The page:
A room without books is like a body without a soul.
—Marcus Tullius Cicero

Philosophy & Psychology

Peter Godfrey-Smith (2016)

Other Minds: The Octopus, the Sea, and the Deep Origins of Consciousness


Johann Hari (2022)

Stolen Focus: Why You Can't Pay Attention- and How to Think Deeply Again


Richard David Precht (2021)

Freiheit für alle: Das Ende der Arbeit wie wir sie kannten

In his latest book, German philosopher Richard David Precht undertakes nothing less than a comprehensive review of the history, presence, and future of work. His primary concern is the pressing question whether the Second Machine Age, as once proclaimed by Erik Brynjolfsson and Andrew McAfee, will have as profound an impact on the nature of work as often predicted. In the thoughtful style typical for his writing, Precht dedicates entire chapters arguing for and against many of the prevalent opinions: That countless high-skill professions will become obsolete due to the rise of AI and automation. That these jobs will be replaced by equal, if not better, occupations, as had happened during the first and second industrial revolution. That “this time is different,” and thus mass unemployment an inevitable consequence, and so on.

This interesting journey of pros and cons, of objections raised and refuted, of arguments built and destroyed, takes the reader through many centuries of human history. From laborare and facere in ancient Rome via the feudal system of medieval times up to the backbreaking conditions of England’s factories in the 1800s we learn about the varying role that work and labour had played in people’s lives, and what contemporary thinkers had to say about that at each stage.

As the book progresses, Precht’s reasoning crystallizes into a distinctive conclusion: That, all things considered, the band between employment and income which come to define our understanding of work for the last 150 years, would have to be severed once and for all. In an economy capable of generating material abundance for everyone, it’s neither necessary nor desirable to keep up the futile policy aim of “full employment”. Quite the contrary, forcing people to take on meaningless jobs that are often increasingly pointless, as once emphasized by David Graeber, would be both cruel and unjust.

Precht’s argument therefore culminates in a call for the installment of a universal basic income (UBI) scheme. Again, he goes to great lengths to sketch the different proposal that are out there, ranging from merely beefing up existing social security systems to a full-fledged guaranteed existence for everyone. He also gives ample room to possible counterarguments and, typical for the philosopher, immediately has intelligent replies to them at the ready: No, the majority of people will most likely not stop working altogether. Yes, concepts for the sustainable financing of a UBI do exist. No, the small-scale experiments that have been conducted so far cannot be viewed as representative. Yes, a strategy can be mapped out for how such a fundamental societal transformation can be achieved, and so forth.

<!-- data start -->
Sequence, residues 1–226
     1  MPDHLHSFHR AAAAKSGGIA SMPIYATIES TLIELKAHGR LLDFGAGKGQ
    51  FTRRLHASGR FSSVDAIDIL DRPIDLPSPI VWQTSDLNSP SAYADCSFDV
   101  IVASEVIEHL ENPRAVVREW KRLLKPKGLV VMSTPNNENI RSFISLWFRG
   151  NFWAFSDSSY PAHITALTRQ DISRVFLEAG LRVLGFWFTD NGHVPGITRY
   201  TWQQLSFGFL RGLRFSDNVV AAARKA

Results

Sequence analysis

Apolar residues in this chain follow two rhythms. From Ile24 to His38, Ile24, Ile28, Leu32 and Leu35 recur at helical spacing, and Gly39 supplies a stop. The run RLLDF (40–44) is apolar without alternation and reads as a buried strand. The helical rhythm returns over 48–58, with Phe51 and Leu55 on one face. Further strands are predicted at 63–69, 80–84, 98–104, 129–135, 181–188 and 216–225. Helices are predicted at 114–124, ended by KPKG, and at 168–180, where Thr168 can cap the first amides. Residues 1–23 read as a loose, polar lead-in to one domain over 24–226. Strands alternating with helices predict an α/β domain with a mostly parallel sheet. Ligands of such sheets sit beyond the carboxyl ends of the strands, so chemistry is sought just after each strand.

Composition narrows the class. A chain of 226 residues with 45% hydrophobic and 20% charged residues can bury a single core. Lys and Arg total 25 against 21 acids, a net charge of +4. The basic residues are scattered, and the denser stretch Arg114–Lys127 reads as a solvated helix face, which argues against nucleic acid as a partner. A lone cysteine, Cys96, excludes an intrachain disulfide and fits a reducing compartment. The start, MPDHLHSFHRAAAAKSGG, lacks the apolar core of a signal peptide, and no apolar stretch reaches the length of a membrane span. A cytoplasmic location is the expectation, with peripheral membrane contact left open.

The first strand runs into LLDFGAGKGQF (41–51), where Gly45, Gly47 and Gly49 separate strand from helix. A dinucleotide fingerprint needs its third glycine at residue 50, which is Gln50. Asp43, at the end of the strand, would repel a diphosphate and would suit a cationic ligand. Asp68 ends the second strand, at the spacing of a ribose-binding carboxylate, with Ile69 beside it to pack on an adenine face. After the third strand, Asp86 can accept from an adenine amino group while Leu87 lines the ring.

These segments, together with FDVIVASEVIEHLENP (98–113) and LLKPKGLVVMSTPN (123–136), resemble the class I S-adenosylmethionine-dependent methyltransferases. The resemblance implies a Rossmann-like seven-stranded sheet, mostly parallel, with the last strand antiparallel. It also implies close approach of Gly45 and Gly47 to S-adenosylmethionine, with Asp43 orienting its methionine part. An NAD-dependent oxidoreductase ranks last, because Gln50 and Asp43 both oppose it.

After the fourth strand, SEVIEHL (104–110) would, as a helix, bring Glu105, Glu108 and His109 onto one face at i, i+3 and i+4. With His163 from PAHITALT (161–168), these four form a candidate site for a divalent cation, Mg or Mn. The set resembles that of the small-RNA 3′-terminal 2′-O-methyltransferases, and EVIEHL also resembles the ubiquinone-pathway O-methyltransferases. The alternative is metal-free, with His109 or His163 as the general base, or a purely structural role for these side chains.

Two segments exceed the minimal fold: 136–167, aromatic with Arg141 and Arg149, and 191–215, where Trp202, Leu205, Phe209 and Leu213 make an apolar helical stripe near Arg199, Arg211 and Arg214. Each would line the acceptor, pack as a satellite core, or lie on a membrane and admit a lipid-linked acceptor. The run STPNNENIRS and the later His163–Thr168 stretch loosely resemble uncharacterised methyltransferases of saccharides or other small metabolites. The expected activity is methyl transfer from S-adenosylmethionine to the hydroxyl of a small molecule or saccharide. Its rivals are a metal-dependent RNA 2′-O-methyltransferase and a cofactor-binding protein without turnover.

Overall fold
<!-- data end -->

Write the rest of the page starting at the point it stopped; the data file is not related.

Finally, Precht tries to connect the dots between his envisioned “society of meaning” (“Sinngesellschaft”) and the changes to the educational system that would have to go along with its establishment. Here he builds on a slightly adapted and amended version of the principles he laid out in his 2013 book “Anna, die Schule und der liebe Gott”.

Regardless of whether or not one is willing to follow his conclusions all the way, reading Precht is always an enlightening experience. Undoubtedly, great societal transformations await us. And, who knows, maybe all of us will have significantly more time for philosophizing in the future!


Mark Manson (2019)

Everything is F*cked: A Book About Hope

Buckle up, reader! Mark Manson once again will take us on a wild rollercoaster ride through history, psychology, and philosophy. Of course, the trolley is going at least 400mph. And of course it’s on fire. And it’s headed towards a cliff. And deep down in the abyss awaits… the Singularity.

Wait. What?

Much like in “The Subtle Art of Not Giving a F*ck”, Manson eloquently weaves a tapestry of philosophical threads ranging from Plato and Buddha to Nietzsche and Kant, from Schopenhauer and Durkheim to Bostrom and Musk. And while coherence is sometimes sacrificed in favour of pace, the resulting DIY-approach to life, happiness, meaning, and the future, feels surprisingly harmonious for the most part.